I took these photos after dropping Joe, Jem and Cate off at school yesterday morning.
Clearly my issues with snacking on the go continue.
Not really. In truth, it was Family Appreciation Day, and the faculty was handing out coffee and donuts. “Oh!” I said to my son’s Lit-Comp teacher. “I’ve got, like, 18 kids at home! Can I have the entire plate?”
“Sure!” he responded, as Jem died a long, slow death in the back seat.
There is no pain, I tell you, like that of an introvert with an extroverted mother.
Francis, too, has issues with snacking on the go.
It’s a narcolepsy-brought-on-by-masticated-crackers thing.
Lastly, today is our Angela’s 9th birthday. Can you believe it?
I firmly believe that everyone needs an Angela. I know she keeps me on my toes. On Wednesday, for example, we were on our way out the door to see this play. I sent the iPad out to the van with George, thinking it’d be good for downtime throughout the drive and yet, not expecting to see it in Angela’s hands when I got out there. “What are you doing?!” I demanded, in a fit of Mommy Indignation, and took the iPad away with a flourish.
I ran back into the house to grab the picnic lunch, and when I got back out, George was in full-fledged tattling mode. “Angela called you a stinky warthog!” he said, and from the look on her face, I knew it was true.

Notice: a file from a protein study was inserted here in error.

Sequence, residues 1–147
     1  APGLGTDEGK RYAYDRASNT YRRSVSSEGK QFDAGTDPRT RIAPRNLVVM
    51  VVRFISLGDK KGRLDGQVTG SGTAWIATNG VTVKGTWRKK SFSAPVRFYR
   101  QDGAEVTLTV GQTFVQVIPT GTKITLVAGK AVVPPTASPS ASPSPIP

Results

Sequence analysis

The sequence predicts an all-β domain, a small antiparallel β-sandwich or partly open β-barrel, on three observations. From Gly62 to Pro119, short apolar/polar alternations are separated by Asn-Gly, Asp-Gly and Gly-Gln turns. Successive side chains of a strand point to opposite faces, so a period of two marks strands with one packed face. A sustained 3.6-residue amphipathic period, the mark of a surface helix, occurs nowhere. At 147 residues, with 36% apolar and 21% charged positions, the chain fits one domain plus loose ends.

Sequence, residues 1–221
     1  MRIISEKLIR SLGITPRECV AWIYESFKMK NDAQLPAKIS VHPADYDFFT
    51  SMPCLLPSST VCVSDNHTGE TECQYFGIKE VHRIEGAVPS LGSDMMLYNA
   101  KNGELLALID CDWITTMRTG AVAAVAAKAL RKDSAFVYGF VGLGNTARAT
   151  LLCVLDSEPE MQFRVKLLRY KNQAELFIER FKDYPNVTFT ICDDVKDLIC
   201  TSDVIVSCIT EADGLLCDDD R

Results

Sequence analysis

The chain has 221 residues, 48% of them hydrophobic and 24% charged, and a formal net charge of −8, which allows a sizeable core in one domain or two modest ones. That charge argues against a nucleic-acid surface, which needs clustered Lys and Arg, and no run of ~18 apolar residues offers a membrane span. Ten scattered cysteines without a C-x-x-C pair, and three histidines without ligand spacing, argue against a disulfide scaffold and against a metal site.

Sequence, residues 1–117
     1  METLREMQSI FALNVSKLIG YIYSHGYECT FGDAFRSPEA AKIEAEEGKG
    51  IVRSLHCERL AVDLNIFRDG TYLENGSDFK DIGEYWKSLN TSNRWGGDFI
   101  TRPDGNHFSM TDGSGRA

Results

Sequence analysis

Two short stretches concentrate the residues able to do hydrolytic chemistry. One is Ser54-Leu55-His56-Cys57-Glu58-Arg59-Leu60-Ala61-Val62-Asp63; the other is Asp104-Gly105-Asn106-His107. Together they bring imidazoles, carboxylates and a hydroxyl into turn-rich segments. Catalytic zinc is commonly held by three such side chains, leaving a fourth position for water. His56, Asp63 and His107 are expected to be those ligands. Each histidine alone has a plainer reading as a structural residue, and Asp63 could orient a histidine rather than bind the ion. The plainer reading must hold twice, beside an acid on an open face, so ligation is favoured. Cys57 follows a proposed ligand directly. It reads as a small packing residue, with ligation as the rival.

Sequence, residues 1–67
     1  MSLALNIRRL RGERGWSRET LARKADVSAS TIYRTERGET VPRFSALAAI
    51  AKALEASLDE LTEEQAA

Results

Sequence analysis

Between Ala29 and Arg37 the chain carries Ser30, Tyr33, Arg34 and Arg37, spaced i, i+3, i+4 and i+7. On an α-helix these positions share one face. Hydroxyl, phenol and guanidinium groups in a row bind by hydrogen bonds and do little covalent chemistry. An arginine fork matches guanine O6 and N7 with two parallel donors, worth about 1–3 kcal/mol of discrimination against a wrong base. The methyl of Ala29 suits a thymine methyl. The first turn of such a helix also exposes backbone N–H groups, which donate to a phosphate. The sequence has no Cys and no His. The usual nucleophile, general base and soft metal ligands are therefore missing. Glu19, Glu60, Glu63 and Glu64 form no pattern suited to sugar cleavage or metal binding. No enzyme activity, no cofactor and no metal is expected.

You can bet the iPad went away for good.
Later, the two of us sat down for a talk. “I didn’t call you a stinky warthog,” she told me. “I called you a grumpy warthog.”
! ! !
“That’s still wrong,” I told her, carefully hiding my grin. “You don’t call your mommy a warthog.”
“I know,” she said repentantly. “It’s just that you had such a sour frown…”
Well, I’ve been chewing on that one ever since, especially after reading Flannery O’Connor for last night’s book club. We discussed two of her short stories–A Good Man is Hard to Find and Revelation–and my word, how I see myself in these flawed characters! One of the women was even called a warthog, and what, I ask you, was God trying to tell me with that?
Have you read O’Connor’s work before? Highly, humbly recommended.